By Patricia Daukantas
Like us at OSA headquarters, many of us have now returned to work after the holiday season. Less than two weeks ago, a passenger’s attempt to blow up a jetliner using explosives hidden in his clothing has added a note of worry to what would otherwise be a joyous time.
Because I’ve been following optical research and attending OSA meetings for some years now, every time I heard discussions about airline security and terrorism on the news reports, I started yelling at the TV set: “What about terahertz technology?” What about it, indeed? Known as “millimeter-wave scanning” in the popular press, terahertz-class body scanners and imagers have been a big area of engineering research over the last decade. As Martin Koch noted in a March 2007 OPN feature article about terahertz technology, millimeter waves cannot penetrate more than a few hundred microns into human skin, so they are good at looking through clothing but not at looking into our bodies.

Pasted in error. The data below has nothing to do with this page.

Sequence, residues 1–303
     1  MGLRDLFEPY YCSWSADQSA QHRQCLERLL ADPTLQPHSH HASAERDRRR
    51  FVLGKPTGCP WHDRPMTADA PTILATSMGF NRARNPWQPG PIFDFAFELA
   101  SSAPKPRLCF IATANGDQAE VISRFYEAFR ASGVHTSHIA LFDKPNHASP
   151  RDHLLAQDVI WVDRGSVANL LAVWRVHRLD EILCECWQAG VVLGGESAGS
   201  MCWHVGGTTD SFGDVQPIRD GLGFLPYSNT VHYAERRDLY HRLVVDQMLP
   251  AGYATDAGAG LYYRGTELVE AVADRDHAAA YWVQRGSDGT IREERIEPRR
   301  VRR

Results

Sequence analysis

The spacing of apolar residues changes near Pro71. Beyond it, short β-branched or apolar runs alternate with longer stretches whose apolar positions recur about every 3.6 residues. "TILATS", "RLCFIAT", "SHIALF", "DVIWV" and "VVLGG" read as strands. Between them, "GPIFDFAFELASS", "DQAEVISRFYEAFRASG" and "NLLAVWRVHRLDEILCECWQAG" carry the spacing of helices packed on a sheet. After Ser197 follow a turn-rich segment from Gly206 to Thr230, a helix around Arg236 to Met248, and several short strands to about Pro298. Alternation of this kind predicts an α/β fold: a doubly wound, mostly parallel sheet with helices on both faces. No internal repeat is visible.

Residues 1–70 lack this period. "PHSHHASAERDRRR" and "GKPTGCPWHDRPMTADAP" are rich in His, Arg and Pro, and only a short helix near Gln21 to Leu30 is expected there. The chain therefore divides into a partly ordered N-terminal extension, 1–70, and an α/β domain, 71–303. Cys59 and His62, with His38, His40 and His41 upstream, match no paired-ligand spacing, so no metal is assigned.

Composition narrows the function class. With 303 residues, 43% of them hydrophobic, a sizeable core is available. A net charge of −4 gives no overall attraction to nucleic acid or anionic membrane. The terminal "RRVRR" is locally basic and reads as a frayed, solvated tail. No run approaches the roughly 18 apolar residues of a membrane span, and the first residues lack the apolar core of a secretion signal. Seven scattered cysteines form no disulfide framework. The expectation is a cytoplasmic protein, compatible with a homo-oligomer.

As the editor’s note to an October 2004 OPN article by Kodo Kawase put it: “Until fairly recently, the terahertz range was considered little more than the dark gap that separated the two halves of the electromagnetic spectrum. Now scientists have come to view it as a bridge rife with possibilities for new applications and research.”
If you’re looking for quick explanations of body-scanning technology to give to your non-technical family members and friends, the New York Times and the Washington Post have both published “info graphics” comparing “millimeter-wave” or terahertz imagers to their low-dose X-ray counterparts. An article on the Discovery Channel’s Web site, which was posted just before the Christmas Day terrorism attempt, described recent research into these “T-rays.”
According to Reuters, the U.S. Transportation Security Administration currently operates 40 millimeter-wave scanners at 19 American airports – though that could change. I’m sure that more articles on terahertz body imaging – such as this Times blog entry about the possibility that airport scans might be “pornographic” in some cases – will appear in the media in the days and weeks to come.
Edited on January 6, 2010, to add: Canada is buying 44 full-body scanners to put into its airports, starting with Toronto (the country's busiest airport) and Vancouver (host of the Winter Olympics next month). The Calgary Herald describes them as millimeter-wave devices.